Pathfinders are people with intellectual and developmental disabilities who want more in their lives. The United Nations Convention on the Rights of Persons with Disabilities clearly expresses what people with disabilities want and need - the practical recognition of the right to social inclusion and self-direction. This means opportunity and necessary accommodation and assistance to choose to live, work, learn and play in community settings.
In this workshop, participants will explore how pathfinders and their partners are co-creating self-directed journeys to social inclusion. Providing pathfinders with good partners usually calls for deep changes in the way assistance is organized and offered. We want to draw on our collective experience to identify what assists people’s diverse journeys to social inclusion and what it takes to make necessary organizational changes.
The trainers' journey, like the journey of New Paths to Inclusion, is informed by person-centered work and ideas and practices drawn from Theory U. They will use practices they have found helpful in making change to guide everyone’s contributions to the workshop. They will also share stories and lessons from their own work.
Beth Mount has worked for 40 years toward the ideal that every person with a disability can be a valued member of community life. She has practiced the art of person-centered planning with thousands of people with disabilities and their families from every walk of life and from every corner of the world. She designed and leads a variety of Learning and Leadership Institutes that facilitate innovation and integrate Theory U methodologies into planning with individuals, families, regional networks and government agencies. Beth is well-known for her commitment to developing direct support professionals as allies and activists in inclusion through the Everyday Heroes and Make a Difference projects. Beth uses art and creativity to strengthen collective capacity to learn with and include all people in wisdom-making. She is deeply involved in strengthening community with a collective of artists and activists in Harlem, New York City.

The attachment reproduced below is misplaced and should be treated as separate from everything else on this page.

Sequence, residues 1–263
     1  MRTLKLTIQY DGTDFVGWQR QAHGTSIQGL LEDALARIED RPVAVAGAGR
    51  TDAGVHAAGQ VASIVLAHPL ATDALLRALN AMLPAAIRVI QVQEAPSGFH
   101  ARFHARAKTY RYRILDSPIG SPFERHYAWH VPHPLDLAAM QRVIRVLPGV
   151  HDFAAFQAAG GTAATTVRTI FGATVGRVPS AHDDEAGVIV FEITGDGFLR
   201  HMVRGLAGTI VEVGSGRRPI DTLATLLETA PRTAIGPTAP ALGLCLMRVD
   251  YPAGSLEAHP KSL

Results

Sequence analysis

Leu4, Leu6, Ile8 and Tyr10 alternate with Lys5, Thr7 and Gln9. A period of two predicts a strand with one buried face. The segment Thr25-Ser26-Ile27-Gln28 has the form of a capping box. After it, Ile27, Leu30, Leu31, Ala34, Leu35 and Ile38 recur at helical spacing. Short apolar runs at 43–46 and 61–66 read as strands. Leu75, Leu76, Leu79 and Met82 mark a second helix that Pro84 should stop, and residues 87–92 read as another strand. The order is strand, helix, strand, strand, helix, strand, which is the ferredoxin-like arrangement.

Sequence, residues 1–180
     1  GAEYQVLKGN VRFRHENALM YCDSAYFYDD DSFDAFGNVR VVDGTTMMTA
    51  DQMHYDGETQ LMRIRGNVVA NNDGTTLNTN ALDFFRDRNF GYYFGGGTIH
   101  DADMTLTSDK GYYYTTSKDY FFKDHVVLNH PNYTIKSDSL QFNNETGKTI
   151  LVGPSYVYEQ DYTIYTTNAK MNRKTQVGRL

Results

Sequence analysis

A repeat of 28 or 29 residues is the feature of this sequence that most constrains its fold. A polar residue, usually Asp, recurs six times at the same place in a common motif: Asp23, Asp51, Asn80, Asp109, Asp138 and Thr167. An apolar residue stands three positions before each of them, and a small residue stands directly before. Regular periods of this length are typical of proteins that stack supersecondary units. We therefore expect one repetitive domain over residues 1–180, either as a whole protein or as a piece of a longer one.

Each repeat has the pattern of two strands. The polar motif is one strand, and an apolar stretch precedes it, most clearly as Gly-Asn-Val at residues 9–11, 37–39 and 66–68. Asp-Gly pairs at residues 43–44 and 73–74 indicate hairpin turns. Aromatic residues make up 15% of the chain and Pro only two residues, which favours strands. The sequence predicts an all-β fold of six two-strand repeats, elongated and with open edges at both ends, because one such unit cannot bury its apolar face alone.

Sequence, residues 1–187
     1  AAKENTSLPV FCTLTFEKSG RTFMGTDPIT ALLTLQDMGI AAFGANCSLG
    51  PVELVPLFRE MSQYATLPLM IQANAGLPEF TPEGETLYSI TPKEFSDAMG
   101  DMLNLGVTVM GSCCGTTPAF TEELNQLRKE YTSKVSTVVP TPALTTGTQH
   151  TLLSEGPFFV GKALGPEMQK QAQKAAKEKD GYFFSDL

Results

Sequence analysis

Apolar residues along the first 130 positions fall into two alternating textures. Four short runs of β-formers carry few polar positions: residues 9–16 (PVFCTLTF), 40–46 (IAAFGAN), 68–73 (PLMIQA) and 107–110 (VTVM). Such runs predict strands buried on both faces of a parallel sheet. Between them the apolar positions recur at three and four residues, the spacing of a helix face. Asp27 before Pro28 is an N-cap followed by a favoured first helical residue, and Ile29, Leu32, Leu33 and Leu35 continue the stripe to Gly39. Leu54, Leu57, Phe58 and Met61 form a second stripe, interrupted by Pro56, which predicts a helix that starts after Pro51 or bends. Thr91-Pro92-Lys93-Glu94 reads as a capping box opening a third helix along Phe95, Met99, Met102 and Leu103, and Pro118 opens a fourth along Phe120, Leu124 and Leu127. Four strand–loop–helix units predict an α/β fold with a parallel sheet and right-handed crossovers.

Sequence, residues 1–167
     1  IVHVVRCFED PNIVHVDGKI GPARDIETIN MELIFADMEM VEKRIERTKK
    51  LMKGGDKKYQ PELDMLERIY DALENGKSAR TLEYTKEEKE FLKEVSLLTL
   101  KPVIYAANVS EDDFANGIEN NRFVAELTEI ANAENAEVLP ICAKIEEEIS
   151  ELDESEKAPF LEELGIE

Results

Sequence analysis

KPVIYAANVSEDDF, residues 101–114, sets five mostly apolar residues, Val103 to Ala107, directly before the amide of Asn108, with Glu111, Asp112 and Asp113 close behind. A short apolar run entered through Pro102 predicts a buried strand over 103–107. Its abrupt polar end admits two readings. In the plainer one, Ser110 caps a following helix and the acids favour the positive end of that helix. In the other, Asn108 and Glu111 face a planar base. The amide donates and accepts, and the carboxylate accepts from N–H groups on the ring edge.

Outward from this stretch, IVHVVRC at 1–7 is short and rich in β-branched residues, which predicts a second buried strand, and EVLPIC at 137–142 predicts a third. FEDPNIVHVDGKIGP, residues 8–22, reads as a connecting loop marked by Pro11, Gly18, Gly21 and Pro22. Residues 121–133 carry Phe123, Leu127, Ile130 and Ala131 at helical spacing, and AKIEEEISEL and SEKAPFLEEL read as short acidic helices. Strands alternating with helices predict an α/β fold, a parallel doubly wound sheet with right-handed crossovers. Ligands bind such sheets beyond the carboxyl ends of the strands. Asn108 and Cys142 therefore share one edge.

John O’Brien learns about building more just and inclusive communities from people with disabilities, their families, and their allies. He uses what he learns to advise people with disabilities and their families, advocacy groups, service providers, and governments and to spread the news among people interested in change, through his writing and workshops. He works in partnership with Connie Lyle O’Brien, is a Fellow of the Centre for Welfare Reform (UK) and is affiliated with the Center on Human Policy, Law & Disability, Syracuse University (US), inControl Partnerships (UK), and the Marsha Forest Centre (Canada).
The Workshop is designed as a two full day event and will take place from the 06th – 7th of November 2015 at the Albert Schweitzer Haus.
The participation fee for the Workshop is 220 € and includes coffee breaks. There are designated places reserved for people with little or no income for a reduced rate of 60 €.